Updated on 16 December 2021
Reading time: 3 minutes
Giverny is best seen in the early morning, when the sun begins to highlight the flowers in Monet’s gardens and, shimmering over the ponds, awakens our senses to light and colour. This little village on the very edge of Normandy is famous around the world for being a living canvas and inspiration to painters and artists.
Get lost in the moment
Along the hillside, try following a series of panels that highlights the history of the village that inspired Claude Monet and so many others, including the American artist Theodore Butler and the Czech artist Radimsky. Many impressionist paintings were sourced in this magic place and now is the time to challenge them with your own appreciations.The Musée des Impressionnismes presents just such an opportunity to examine artworks in greater depth through a series of temporary exhibitions of high quality. That could lead you to prolong your trip through the art world by catching up on some of the major artworks created at Giverny by Monet in the Orsay Museum, the Orangerie and the Marmottan-Monet in Paris.
As you walk down the rue Claude Monet, you’ll come to what used to be the Hôtel Baudy. Now a restaurant, here the scene was set for many a convivial evening’s entertainment animated by the likes of Robinson, Renoir or Cézanne. You can sit down to lunch in the company of the great and the good in the world of impressionism – or at least in your imagination! Afterwards you can work it off by paying homage to Monet’s grave (which is always bedecked with flowers) or taking off towards Vernon for a bucolic walk along the banks of the River Seine, as they used to do. Don’t miss the splendid old mill (Vieux Moulin) overlooking the river!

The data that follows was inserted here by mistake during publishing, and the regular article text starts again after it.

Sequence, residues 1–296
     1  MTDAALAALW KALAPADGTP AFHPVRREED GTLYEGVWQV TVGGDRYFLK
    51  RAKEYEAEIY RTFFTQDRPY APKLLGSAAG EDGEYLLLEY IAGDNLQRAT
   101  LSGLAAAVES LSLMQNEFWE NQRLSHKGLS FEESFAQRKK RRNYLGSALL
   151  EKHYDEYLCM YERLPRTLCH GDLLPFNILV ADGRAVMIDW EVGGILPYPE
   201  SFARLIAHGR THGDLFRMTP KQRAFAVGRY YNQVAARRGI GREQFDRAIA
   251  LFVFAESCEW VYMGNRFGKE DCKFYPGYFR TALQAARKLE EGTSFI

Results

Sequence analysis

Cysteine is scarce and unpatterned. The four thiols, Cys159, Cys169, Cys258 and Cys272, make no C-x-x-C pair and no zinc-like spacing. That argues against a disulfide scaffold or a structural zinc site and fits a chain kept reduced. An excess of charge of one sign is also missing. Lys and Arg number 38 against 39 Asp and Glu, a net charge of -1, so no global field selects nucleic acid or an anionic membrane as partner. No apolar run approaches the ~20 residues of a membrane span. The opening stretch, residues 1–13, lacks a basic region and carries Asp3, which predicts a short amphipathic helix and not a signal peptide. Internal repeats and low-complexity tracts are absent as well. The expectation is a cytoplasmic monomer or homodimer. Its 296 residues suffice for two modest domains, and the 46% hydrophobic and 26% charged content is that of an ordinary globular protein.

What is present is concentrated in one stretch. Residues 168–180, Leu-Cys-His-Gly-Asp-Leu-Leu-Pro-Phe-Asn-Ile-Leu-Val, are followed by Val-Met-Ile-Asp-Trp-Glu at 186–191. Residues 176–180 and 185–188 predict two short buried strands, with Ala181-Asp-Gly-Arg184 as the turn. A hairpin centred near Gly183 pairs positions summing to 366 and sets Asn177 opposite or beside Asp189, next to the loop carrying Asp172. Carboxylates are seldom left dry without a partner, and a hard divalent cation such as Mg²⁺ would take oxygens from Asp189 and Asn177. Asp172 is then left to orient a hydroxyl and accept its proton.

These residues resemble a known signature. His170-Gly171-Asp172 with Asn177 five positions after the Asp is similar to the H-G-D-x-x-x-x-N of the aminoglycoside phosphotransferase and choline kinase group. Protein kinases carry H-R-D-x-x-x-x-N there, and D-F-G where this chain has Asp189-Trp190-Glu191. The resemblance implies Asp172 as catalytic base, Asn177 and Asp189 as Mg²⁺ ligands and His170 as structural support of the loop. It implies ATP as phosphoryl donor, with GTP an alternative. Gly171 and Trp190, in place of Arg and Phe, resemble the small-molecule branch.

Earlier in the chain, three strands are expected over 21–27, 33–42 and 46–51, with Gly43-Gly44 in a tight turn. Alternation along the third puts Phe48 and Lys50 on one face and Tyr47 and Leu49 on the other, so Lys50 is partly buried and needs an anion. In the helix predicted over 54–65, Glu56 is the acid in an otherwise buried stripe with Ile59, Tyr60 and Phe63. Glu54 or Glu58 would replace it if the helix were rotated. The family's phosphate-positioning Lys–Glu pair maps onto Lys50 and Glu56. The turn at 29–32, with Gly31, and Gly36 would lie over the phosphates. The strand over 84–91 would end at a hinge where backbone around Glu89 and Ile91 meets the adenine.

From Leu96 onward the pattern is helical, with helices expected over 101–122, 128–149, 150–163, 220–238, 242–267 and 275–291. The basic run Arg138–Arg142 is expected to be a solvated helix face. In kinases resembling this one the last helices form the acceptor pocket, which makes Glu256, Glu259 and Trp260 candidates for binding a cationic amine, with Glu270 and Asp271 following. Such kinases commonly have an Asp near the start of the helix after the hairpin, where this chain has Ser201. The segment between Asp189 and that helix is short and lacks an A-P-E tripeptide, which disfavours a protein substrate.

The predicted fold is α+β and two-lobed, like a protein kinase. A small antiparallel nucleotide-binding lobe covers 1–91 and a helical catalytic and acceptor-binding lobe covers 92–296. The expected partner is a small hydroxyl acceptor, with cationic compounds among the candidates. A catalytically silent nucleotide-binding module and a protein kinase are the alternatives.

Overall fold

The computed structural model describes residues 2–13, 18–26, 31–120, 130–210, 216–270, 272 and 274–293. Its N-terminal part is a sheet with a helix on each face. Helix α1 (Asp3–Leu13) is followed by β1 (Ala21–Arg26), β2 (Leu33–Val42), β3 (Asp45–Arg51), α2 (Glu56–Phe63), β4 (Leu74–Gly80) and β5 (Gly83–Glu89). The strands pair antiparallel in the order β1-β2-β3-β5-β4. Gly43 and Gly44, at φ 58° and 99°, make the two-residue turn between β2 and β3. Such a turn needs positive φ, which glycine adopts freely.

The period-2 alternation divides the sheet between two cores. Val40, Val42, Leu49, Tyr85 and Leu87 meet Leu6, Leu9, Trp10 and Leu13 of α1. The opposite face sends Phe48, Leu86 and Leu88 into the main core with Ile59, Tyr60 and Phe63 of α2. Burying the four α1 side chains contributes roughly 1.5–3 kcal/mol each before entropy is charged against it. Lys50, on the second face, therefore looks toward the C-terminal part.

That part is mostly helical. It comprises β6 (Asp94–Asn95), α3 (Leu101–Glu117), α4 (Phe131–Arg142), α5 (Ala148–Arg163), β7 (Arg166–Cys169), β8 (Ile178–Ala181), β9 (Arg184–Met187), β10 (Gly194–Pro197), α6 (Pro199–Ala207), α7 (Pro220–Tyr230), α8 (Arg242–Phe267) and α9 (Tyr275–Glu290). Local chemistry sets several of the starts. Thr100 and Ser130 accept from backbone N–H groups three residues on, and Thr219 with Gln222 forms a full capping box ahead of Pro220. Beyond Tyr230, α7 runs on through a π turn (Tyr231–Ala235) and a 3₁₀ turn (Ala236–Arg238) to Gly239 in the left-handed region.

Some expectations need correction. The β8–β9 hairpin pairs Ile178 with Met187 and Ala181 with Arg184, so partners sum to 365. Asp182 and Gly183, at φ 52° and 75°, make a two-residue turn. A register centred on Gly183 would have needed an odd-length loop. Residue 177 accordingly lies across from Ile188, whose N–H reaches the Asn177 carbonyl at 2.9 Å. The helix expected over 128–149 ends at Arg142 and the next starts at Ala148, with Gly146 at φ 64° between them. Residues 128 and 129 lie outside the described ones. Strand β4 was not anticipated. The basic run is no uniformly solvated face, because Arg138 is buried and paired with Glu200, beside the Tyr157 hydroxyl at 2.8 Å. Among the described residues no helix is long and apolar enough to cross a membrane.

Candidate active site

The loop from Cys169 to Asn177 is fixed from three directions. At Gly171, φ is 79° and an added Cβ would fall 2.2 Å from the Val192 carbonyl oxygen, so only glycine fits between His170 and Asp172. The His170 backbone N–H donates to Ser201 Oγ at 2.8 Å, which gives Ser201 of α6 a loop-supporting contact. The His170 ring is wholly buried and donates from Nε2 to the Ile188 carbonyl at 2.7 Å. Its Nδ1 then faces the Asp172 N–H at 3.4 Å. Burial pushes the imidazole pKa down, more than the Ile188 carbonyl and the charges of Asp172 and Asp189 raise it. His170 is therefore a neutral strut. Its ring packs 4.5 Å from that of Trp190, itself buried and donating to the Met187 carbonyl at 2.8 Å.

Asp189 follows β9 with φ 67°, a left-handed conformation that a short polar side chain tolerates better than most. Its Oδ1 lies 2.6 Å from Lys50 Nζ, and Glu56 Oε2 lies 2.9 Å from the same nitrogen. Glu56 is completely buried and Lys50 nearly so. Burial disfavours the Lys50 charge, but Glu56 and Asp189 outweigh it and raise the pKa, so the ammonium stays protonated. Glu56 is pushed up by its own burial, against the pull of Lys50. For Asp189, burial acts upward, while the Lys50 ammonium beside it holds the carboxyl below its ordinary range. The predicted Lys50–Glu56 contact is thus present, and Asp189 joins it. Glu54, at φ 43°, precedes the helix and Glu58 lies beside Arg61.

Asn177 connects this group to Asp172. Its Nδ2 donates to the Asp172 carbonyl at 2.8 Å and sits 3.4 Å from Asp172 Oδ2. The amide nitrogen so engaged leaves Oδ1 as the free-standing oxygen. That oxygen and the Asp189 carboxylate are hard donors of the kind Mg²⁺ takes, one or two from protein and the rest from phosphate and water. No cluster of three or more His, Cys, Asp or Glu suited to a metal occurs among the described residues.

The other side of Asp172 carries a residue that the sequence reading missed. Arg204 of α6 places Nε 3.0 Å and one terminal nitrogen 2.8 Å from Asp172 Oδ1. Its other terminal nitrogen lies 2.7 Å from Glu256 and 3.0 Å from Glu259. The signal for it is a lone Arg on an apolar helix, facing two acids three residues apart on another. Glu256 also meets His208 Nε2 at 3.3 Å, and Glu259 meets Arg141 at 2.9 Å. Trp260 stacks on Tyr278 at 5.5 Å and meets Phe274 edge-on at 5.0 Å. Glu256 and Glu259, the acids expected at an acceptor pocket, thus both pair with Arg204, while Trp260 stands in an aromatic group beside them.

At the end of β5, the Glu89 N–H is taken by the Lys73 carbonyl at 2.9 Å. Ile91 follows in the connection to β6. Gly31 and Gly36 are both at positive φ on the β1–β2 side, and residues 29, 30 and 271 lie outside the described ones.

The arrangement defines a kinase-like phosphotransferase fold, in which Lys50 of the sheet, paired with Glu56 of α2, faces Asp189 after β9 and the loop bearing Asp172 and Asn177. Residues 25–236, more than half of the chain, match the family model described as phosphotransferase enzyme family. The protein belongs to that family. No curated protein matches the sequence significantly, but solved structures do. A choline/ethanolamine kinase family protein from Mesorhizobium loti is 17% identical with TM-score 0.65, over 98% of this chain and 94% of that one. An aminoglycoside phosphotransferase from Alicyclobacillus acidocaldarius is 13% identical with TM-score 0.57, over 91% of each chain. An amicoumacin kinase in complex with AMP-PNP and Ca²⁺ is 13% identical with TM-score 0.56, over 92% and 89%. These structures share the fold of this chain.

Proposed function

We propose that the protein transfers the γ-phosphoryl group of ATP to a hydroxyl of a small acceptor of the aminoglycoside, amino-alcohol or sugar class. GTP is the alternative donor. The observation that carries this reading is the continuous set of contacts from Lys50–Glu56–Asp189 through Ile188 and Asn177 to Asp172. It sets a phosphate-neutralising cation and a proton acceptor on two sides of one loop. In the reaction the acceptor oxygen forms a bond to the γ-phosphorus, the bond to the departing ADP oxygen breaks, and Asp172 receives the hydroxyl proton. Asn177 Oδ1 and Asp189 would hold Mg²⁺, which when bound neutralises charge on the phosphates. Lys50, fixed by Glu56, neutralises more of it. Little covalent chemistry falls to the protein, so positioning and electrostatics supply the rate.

On the banks of the River Seine
The River Seine winds and twists its way through the rich Normandy landscape, cutting into chalky cliffs, and is lined with a wealth of timber-framed buildings and old mills, perhaps best appreciated by bicycle. At Vernon, on the left bank, you will find its charming museum which holds a fine collection of impressionist works, including paintings by Butler, by his wife Blanche Hoschedé-Monet, Claude Monet’s step-daughter, and the pointillist Pierre Bonnard. It also has a tondo (a circular painting) by Monet (the Nymphéas) – of which there are only 3 other examples in the world.
Another visite champêtre in the locality is at Les Andelys, immortalised by Signac, or you could take to the ‘painters’ road’ at La Roche-Guyon, to discover perspectives painted by Monet, Renoir or Pissarro.
The Hôtel-Dieu Museum at Mantes-la-Jolie exhibits the largest collection in France devoted to the neo-impressionist anarchist painter Maximilien Luce, who managed to calm down when he got to the quiet backwater of Rolleboise.
A moment of pleasure
Lean over the rail of the Japanese bridge which straddles the water-lily pond and look down. The combined effect of the reflections upon the water, the suspended lily pads, the weeping willows, the rippling sky, the soft hints of colour, all combine to create both a void and a vision. You find yourself almost toppling into one of Monet’s paintings!